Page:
Early drafts can be a real grind. Especially if you don’t really have the story straight in your head yet. Sometimes, I sit up in bed at two in the morning, awakened by the force of the muse dropping an entire story into my head all at once. In these cases, I run to my computer and make a bunch of notes, guideposts that will help me remember this gift in its entirety. But most stories don’t come that way. Most stories grow organically out of a ‘what if’ moment.
The impetus for my novel The Vengeance Season came from this little nugget: What if a guy went back in time to solve his grandfather’s murder and accidentally ended up saving his life? And what if saving his grandfather’s life changed the future so that time travel had not been invented? I ended up rewriting all the time travel out of it, but that was how it started and that version got me an agent.
The idea for Murderology was basically, what would happen if a group of sleuths got together to hunt serial killers and the serial killers recognized them as a threat and started hunting them?
Those aren’t fully formed stories. Those aren’t even ideas. They’re musings. When you’re developing a story, be it a short story or a novel, from something as thin as that, you’re on a completely different footing than when you’re writing a story you know all the way through. The first few drafts of a story based on a whisper of a shadow of an idea are just exploratory exercises to get your brain thinking in the right general directions.
And, inevitably, there comes a moment during a first draft of that sort when you realize you’ve gone the wrong direction on a bad road and the bridge is out ahead. That’s when you tell yourself to just turn around and start over. Just abandon the draft and start again. It sounds logical but it is in fact a mistake.
I’m there at that place right now working on a short story that got away from me and ballooned up to novella size while I wasn’t paying attention. With two paid short story publications, I don’t have the guano to get a novella published in any magazine that I’m not currently an editor of. And, truth be told, I’m not sure I would publish this novella. Why? It’s not done yet. It’s a first draft of a glimmer of a spark of an idea.
Imagine you’re an editor of a big SF magazine. You spend half your time reading unsolicited submissions, most of which are truly awful, by unknown or unproven writers and the rest of your time doing 100% of your job. You’ve set a hard limit on short stories at 8,000 words because space costs money and publishing one novella basically means you can’t publish three stories by other equally deserving authors.
If someone sends in a novella it had better come with some extraordinary bonafides. I don’t have those bonafides so I know full well at this very moment that I’m trying to close up the wound on this draft that this version of the story will never see the light of day. So cut bait, right?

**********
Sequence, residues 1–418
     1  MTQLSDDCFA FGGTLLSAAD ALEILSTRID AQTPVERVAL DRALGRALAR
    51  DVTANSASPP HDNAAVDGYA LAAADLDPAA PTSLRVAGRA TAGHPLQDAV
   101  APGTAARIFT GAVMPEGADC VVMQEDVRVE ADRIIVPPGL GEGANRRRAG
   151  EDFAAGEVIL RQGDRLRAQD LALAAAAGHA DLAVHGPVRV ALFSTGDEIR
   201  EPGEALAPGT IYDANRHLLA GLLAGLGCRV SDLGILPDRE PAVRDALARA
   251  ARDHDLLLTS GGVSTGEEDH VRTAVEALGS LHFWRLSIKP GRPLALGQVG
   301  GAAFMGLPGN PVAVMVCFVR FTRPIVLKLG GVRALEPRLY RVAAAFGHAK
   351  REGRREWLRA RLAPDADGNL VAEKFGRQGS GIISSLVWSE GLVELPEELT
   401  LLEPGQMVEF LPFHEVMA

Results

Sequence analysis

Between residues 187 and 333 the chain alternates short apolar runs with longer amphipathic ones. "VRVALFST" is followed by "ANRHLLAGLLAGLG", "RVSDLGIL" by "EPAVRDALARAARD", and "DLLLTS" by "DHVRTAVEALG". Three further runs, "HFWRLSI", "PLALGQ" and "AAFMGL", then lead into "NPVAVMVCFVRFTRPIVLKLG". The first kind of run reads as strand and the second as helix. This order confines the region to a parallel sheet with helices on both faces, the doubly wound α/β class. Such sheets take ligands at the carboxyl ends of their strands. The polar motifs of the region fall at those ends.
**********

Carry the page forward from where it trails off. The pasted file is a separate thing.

Actually, no. And let me explain why: I’ve been in this position many times before and I’ve always taken the path of least resistance and abandoned the draft to head back to the beginning and start over with a fresh perspective. That has uniformly proven to be a mistake for two reasons.
First, I will eventually reach the end of a later, successful draft only to find that I have no experience with the finale because I’ve been ejecting early during every previous attempt. Even if the ending you come up with is inappropriate for the final product, the ideas you play with in that endspace will be important explorations into the nature of your story. You have to know the paths the protagonist didn’t take just as well as the one he did if you want to know him completely.
Secondly, you don’t know which part of your story sucks until it’s over. If you stop at 66% and tell yourself it’s a wash and go back to the start, how can you know which part was the wrong part? Was it the beginning that was messed up? If so, how do you know the ending was equally bad?
The novel I’ve been working on here and there for the last five years is now growing backwards. I have the ending I want because I went all the way through a draft I knew I didn’t want to use. It turned out that the first 66% of the novel was rubbish but the last third was exactly what I wanted. Now I’m pulling a John Irving and working from the ending toward the beginning.
I like to think of the bad draft as the 40% solution. Even as I’m writing it, I know it’s mostly bad. Let’s say it’s 60% bad. But that leaves 40% that’s good. And it may not be a contiguous 40%. There may be a scene here and some dialogue there that need to be saved but you would never have them if you pulled the big red handle before reaching the end of the draft.
“You wouldn’t have these problems if you worked from an outline,” I hear you saying. That is you, right? But the truth is that I have worked from an outline before, several times in fact, but the outline is never the complete realization of the story. It’s just the frame on which you hang the story. And, unlike with architecture, you can’t know ahead of time if the frame is right for what you’re about to hang on it.
Obviously, this doesn’t apply to all of those writers out there who do everything in one draft. They’ve been touched by an angel (or madness) so none of the rules apply to them. For me, however, toiling away on draft after draft, I’ve found it best to go the distance before starting over.